The work by Distinguished Professor Feng Ding from IBS CMCM at UNIST has been appeared in Advanced Materials on January 19, 2022.
In history, the synthesis of key materials, such as bronze, steel, polymer, and silicon, represents the most advanced technology of human society. Until now, the discovery of a new material and the development of materials highly depends on... Read More
Their findings have been published in the July 2021 issue of Advanced Functional Materials.
The atomic thick two-dimensional (2D) materials are promising for many applications, such as faster and energy-saving electronic devices, more efficient catalysts, and high energy density batteries. To fully utilize the advantages of these... Read More
The work by Distinguished Professor Feng Ding from IBS CMCM at UNIST has been appeared in ACS Nano on March 22, 2021.
The thinnest material, graphene, is the most promising materials for many applications, such as in electronics, energy storage and etc. For high performance electronic applications, synthesizing graphene directly on an insulating substrate... Read More
The work by Distinguished Professor Feng Ding has been appeared in Nature Communications on November 17, 2020.
Two-dimensional (2D) nanomaterials, such as graphene, hexagonal boron nitride, and molybdenum disulfide, hold great potential for building next-generation high-performance electronics. To realize the maximized performance of the 2D material... Read More
The work by Distinguished Professor Feng Ding has been appeared in Nature Chemistry on July 16, 2019.
Back in 2004, the physics community was just beginning to recognize the existence of truly two-dimensional (2D) material, graphene. Fast forward to 2019, scientists explore a breadth of different 2D materials, expecting to uncover more of t... Read More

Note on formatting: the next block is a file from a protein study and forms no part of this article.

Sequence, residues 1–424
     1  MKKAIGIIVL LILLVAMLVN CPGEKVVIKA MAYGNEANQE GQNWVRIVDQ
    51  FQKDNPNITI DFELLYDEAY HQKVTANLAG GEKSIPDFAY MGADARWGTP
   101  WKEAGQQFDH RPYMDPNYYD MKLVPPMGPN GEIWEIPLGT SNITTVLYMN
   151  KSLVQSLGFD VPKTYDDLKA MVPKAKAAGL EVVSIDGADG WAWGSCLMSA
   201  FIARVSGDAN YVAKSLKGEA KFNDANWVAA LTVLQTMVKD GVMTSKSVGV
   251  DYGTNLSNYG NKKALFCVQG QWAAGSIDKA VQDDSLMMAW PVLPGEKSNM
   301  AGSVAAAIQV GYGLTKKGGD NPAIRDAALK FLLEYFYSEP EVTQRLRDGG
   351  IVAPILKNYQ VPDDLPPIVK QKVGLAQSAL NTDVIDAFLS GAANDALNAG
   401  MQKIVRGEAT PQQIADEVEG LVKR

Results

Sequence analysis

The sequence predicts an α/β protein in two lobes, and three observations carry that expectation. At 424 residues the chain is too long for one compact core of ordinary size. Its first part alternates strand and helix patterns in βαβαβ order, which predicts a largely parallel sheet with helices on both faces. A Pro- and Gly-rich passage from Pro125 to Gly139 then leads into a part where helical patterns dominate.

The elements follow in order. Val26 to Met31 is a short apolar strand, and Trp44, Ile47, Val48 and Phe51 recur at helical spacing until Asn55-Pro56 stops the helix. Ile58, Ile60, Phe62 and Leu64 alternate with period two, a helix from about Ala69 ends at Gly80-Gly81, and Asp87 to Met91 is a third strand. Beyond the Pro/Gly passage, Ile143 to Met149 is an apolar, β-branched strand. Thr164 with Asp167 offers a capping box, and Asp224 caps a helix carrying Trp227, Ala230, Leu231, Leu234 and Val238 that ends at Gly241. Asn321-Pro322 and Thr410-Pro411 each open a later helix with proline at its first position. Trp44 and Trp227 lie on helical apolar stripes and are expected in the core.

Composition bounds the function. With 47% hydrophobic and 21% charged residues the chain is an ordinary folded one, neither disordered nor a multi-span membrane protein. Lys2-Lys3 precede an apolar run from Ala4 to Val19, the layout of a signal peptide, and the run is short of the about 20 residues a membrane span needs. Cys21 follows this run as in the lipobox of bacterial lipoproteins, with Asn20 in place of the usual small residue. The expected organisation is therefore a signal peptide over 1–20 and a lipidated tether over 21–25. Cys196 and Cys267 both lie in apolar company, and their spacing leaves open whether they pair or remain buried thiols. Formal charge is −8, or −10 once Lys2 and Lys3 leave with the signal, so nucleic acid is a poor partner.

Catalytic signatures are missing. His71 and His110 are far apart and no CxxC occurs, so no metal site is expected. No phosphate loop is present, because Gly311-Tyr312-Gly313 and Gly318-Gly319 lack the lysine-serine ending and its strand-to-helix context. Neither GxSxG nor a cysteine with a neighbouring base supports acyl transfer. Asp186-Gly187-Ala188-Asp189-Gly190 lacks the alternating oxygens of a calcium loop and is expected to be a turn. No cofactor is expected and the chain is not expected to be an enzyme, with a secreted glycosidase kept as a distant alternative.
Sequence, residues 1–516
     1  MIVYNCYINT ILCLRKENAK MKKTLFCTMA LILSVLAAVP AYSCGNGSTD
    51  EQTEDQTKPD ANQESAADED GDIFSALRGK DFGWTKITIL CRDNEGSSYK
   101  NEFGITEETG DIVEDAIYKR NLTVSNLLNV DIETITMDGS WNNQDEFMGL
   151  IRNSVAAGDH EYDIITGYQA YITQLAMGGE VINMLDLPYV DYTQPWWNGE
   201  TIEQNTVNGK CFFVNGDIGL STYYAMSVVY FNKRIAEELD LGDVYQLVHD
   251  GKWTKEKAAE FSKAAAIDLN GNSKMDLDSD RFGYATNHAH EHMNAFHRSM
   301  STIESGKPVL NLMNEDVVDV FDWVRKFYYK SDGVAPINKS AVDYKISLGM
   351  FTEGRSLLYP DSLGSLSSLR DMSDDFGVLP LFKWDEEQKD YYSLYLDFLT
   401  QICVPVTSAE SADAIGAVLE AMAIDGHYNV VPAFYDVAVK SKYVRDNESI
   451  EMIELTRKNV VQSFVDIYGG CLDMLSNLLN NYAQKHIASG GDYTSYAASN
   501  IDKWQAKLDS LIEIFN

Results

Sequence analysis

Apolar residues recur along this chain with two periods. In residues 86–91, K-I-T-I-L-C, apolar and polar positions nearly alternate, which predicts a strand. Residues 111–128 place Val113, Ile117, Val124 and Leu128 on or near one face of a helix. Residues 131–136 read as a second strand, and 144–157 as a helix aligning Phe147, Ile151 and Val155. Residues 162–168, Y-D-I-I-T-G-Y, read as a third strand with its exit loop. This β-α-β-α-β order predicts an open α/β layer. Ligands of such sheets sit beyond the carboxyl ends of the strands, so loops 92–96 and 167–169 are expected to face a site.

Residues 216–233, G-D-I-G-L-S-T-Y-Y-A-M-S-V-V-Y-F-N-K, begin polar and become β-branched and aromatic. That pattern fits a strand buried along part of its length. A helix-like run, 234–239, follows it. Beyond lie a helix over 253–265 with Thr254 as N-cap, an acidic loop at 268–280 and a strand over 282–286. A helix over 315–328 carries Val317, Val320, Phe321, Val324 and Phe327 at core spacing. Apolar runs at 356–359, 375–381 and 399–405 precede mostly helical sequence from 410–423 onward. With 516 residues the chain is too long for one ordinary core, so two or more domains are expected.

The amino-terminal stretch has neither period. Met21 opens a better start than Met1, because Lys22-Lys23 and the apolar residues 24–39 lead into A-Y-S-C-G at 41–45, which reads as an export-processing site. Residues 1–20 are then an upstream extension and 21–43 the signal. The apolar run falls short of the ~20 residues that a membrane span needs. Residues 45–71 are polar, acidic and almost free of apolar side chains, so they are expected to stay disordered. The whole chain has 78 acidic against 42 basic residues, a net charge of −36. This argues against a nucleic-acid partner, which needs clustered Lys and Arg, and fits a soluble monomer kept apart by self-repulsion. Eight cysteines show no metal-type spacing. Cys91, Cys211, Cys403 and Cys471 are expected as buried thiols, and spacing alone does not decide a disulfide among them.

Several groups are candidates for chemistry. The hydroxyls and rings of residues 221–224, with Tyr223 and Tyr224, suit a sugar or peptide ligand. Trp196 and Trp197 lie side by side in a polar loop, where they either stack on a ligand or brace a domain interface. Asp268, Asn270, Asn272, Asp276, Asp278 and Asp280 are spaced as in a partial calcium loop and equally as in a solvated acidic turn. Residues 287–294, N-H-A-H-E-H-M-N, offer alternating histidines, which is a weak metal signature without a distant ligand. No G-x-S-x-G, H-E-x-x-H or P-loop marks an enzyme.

The work by Distinguished Professor Feng Ding has been appeared in Nature on May 23, 2019.
What makes something a crystal? A transparent and glittery gemstone? Not necessarily in the microscopic world. When all of its atoms are arranged in accordance with specific mathematical rules, we call the material a single crystal. Like th... Read More
[UNIST MAGAZINE] Prof. Feng Ding, an expert on carbon nanomaterials with computer simulation research
Prof. Feng Ding (School of Materials Science Engineering) has been living in Korea for two years, but his calm attitude during the interview made him look like he has been living here for a long time. He might be indifferent to his environm... Read More
The work by Distinguished Professor Rodney S. Ruoff has been published in Physical Review Letters.
New study predicts, measures, and controls the temperature of large graphene bubbles with a single laser beam.
A recent study, affiliated with UNIST has measured and controlled the temperature of individual graphene bubbles with a single laser beam for the first time. This study has been led by Distinguished Professor Rodney S. Ruoff (School of Natu... Read More
Their findings have been published in Science.
Diamonds is the strongest naturally occurring material on Earth. It is also renowned for its incomparable properties, such as high stiffness, exceptional thermal conductivity, high chemical resistance, and high optical transparency. Althoug... Read More